Unforeseen circumstances have landed me in Campbell River, British Columbia for a few days. I’m trying to make the most of this detour by taking in whatever Campbell River has to offer. One of my better-spent days included a visit to the Campbell River Museum which has substantial displays devoted to the First Nations of the region, their history, material culture, place names, stories, and the colonization attempts by the Spanish and British. I know in general terms how that turned out – the British were the successful colonizers. And I know all to well what that meant for First . . . [more]
Archive for the ‘Justice Issues’ Columns
There is no doubt that residents of rural communities in Canada face greater access to justice limitations than their urban dwelling counterparts. In the last column we explored one such limitation, being reduced access to legal advice and legal advocacy due to a comparatively smaller number of lawyers practicing in rural areas. As we discussed, this is a trend that is forecast to get even worse in the near future. In addition to challenges in regards to legal advice and legal advocacy however, rural communities face additional challenges in another important access to justice factor, that being access to legal . . . [more]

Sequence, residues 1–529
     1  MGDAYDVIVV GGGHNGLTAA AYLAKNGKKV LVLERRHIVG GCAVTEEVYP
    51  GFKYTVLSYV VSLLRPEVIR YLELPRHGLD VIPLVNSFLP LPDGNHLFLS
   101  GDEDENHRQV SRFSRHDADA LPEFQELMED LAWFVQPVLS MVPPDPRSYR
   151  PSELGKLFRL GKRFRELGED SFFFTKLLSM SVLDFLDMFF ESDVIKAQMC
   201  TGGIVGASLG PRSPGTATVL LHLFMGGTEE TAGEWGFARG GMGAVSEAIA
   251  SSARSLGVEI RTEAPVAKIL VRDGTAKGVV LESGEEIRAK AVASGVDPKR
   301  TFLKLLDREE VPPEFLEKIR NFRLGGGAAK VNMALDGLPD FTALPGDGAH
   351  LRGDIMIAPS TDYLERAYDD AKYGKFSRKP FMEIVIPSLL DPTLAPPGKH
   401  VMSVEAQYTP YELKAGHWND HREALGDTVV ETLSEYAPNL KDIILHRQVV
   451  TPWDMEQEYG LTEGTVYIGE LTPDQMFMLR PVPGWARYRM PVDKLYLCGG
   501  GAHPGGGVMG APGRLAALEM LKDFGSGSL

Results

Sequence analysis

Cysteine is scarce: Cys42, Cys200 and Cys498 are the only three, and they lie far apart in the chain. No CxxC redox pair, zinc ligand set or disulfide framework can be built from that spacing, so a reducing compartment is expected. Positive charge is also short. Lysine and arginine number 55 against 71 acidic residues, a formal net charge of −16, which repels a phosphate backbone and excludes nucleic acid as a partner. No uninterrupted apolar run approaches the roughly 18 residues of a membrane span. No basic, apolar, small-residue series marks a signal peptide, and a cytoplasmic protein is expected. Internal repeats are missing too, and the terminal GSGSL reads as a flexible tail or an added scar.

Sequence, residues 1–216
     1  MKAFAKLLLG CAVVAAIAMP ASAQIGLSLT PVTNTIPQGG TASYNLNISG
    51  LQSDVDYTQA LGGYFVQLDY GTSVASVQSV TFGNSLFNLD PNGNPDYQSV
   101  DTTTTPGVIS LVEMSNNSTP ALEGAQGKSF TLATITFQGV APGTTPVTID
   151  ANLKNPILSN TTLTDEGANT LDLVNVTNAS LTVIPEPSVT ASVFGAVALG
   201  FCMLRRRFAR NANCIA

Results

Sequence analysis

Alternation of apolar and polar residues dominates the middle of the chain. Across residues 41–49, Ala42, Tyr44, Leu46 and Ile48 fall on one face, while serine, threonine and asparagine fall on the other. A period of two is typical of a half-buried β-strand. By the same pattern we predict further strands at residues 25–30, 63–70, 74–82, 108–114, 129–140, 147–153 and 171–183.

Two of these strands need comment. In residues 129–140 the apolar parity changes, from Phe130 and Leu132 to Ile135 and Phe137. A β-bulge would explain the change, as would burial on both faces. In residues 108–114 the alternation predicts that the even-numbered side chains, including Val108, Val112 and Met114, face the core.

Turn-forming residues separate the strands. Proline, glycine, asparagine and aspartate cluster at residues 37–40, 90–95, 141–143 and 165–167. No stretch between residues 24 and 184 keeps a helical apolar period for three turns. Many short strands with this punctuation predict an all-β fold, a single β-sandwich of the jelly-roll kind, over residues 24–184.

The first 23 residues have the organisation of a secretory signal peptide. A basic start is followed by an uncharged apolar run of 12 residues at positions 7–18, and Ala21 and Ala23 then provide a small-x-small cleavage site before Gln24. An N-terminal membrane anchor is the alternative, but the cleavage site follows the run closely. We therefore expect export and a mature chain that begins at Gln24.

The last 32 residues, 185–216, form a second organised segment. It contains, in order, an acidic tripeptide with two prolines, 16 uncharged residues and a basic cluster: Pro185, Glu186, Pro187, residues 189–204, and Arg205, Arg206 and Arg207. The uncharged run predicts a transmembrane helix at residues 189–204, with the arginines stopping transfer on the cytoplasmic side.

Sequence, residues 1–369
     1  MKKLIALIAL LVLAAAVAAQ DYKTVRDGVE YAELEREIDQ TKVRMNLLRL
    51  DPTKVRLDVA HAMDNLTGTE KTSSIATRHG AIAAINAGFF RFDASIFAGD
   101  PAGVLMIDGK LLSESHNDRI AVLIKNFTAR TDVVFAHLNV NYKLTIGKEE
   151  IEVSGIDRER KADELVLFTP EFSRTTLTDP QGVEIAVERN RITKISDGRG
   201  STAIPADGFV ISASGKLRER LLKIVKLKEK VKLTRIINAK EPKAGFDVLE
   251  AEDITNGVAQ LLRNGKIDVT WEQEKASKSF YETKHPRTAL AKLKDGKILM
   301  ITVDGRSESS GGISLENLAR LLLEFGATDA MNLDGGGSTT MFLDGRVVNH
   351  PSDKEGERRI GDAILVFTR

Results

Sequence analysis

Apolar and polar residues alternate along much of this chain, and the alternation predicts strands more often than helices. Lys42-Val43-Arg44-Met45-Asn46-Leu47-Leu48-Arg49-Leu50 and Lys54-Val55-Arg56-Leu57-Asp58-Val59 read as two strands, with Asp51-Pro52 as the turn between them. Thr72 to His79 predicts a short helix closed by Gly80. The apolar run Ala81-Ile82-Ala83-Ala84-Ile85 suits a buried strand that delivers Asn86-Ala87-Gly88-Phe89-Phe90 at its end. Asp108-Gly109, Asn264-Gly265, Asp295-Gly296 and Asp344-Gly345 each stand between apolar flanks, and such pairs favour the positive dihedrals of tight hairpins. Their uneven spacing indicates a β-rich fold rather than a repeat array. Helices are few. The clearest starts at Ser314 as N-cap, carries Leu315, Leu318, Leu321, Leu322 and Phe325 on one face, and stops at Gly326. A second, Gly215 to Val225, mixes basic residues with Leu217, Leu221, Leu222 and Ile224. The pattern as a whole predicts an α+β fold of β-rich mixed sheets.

[Written with Bradley Albrecht]
Since 1998, the Canadian Forum on Civil Justice has developed a number of online resources and databases which are designed to increase understanding about the civil justice system, and ultimately to improve access to civil and family justice. My last article focused on the Inventory of Reforms, which, alongside our Clearinghouse, is designed to provide greater access to information on the civil justice system and civil justice reform initiatives.
In all of our work at the Forum we have found that there is a real need to promote a stronger shared understanding and . . . [more]
One of the most wrenching questions in environmental law is who should pay for historic contamination which was legal at the time. There is no moral difficulty in holding today’s polluters responsible for the consequence of their acts. But historic contamination, the unintended result of perfectly lawful conduct, is different. Inco has been ordered to pay $36 million in damages for lost property value, after 2000, due to nickel emissions before 1984 that were legal at the time: Smith v. Inco 2010 ONSC 3790
Is this just?
The rule of law is an essential part of the fundamental bargain that . . . [more]
The Canadian Charter tells us (s.24) that if we think our rights have been violated, we can apply for ‘such remedy as the court considers appropriate and just in the circumstances.’ Does ‘just’ add anything to ‘appropriate’? Or is it, like ‘cease and desist’, only a bit of legal belt-and-braces?
Sometimes we do think of justice as mere propriety. For something to be unjust is for it to be out of kilter, morally speaking. On this way of looking at things, we can say that destroying the environment, abusing children, breaking promises, and torturing people are all unjust. They are . . . [more]
Many of you are likely already familiar with the alleged facts in the disturbing and complicated case of Captain Robert Semrau. For those who are not, here’s a quick refresher.